Wilbur laid out his map of the development of consciousness integrating the knowledge of the Eastern mystical traditions with the developmental psychology of the West. You have to realize that these connections were very new in the 70s.

Ken Wilbur has gone on to publish many books on this subject, his latest and most comprehensive is Integral Consciousness. This is an enormous subject but this morning I want to give you a very brief view of the nine levels through which our consciousness evolves. I am sure you will recognize some levels you have already experienced and hope you will find some resonance for your journey. I have taken this material from several of Wilbur's books and from Putting on the Mind of Christ a book written by Jim Marion, a former Jesuit priest who used Wilbur's map to understand his own journey.

St. Paul explained these spiritual gifts to the early Christians who developed them and urged them not to compete with each other in the gifts but to go further and put on the mind of Christ.

But it was not to last. A hierarchal church authority gradually took over the church, enforcing the rules and roles of the mythic structure. All physic abilities became suspect. Tens of thousand of persons were persecuted if they demonstrated any psychic abilities, burned at the stake by the thousands - Joan of Arc comes to mind. I found an interesting writing of St. Clement, an early church mystic and author writing in Alexandria 100 years after Jesus death: "Much of the early teaching has been lost. The church now devotes herself solely to producing good men. In olden days she claimed to do much more than that, training which lead to a direct experience of God."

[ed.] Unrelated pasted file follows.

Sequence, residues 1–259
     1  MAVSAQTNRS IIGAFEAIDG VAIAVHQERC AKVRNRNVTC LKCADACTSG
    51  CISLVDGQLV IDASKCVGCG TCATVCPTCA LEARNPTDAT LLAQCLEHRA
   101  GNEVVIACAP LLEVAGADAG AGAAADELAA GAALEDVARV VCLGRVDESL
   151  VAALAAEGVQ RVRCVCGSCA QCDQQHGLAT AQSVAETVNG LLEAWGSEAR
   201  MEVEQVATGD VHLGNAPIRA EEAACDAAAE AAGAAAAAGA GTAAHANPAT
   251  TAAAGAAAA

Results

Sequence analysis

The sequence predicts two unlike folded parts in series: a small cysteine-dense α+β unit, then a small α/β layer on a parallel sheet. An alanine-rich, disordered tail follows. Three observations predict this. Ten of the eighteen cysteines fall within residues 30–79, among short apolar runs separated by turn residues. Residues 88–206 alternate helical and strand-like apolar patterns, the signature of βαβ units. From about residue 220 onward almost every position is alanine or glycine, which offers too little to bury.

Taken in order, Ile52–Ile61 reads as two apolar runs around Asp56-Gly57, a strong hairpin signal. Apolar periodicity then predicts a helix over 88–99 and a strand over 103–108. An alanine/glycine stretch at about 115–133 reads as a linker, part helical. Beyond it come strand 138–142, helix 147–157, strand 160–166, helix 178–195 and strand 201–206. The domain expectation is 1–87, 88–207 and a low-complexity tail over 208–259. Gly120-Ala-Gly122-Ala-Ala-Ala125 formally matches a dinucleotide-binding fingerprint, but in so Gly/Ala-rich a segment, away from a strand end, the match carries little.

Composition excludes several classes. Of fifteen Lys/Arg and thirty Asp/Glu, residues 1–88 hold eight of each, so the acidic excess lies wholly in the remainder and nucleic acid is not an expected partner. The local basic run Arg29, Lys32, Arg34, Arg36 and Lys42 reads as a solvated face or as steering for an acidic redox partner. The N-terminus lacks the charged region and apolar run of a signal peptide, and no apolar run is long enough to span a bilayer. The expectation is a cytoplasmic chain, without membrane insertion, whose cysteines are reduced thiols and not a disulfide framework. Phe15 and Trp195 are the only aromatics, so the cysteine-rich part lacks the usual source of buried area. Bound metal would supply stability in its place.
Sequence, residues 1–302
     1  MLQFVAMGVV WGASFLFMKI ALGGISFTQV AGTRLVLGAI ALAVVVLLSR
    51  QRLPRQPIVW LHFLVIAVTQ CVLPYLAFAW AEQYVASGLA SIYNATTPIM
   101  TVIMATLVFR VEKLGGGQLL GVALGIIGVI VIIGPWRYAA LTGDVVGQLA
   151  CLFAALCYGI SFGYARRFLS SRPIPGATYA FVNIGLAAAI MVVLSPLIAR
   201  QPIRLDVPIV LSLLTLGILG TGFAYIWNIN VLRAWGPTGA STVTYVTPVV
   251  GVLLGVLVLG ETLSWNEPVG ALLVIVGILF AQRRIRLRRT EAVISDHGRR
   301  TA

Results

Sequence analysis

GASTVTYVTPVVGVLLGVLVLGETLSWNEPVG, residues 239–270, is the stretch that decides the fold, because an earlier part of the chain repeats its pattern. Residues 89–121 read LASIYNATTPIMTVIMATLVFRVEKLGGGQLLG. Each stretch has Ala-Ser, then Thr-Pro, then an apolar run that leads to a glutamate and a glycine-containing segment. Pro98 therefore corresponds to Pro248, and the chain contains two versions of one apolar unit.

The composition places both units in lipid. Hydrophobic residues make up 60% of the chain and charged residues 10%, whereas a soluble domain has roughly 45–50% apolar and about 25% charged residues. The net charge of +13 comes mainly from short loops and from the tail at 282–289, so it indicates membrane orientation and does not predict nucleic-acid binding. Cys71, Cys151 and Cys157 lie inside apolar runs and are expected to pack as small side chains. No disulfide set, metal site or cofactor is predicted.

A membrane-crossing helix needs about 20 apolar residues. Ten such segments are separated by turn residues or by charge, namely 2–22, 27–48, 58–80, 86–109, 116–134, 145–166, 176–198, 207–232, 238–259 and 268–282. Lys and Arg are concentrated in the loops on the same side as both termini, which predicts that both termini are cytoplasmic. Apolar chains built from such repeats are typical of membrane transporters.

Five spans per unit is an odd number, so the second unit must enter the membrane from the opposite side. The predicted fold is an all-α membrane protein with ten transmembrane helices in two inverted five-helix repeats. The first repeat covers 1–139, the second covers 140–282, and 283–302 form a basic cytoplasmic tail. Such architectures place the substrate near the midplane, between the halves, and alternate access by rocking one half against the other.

(I believe that this is the secret that I thought all ministers withheld from me. Turns out they did not know it.)

It is not and never has been easy to explore spirituality beyond conventional levels. But it is now safer! And there is some help. The contemporary new age movement is reviving interest in spirituality and exploring our inner selves. Even our HMOs are offering meditation and Yoga and other help.

I hope this brief glimpse has shed some light on the evolution of consciousness in the spiritual journey which we all undertake. I hope also I have offered some reassurance of the existence of the Divine and that we can find It within us. It is a call for each of us to grow and develop our consciousness. Our very existence may well depend on a large number of people seriously making the inner journey.

It is recorded that Jesus said: "The Kingdom of God is in each one of you. Know ye not that you are gods?"

Meister Eckhart said: "God is always waiting to be born, we must all give birth to God."

Attributed to the Buddha: "All beings are born enlightened but it takes as lifetime to discover this."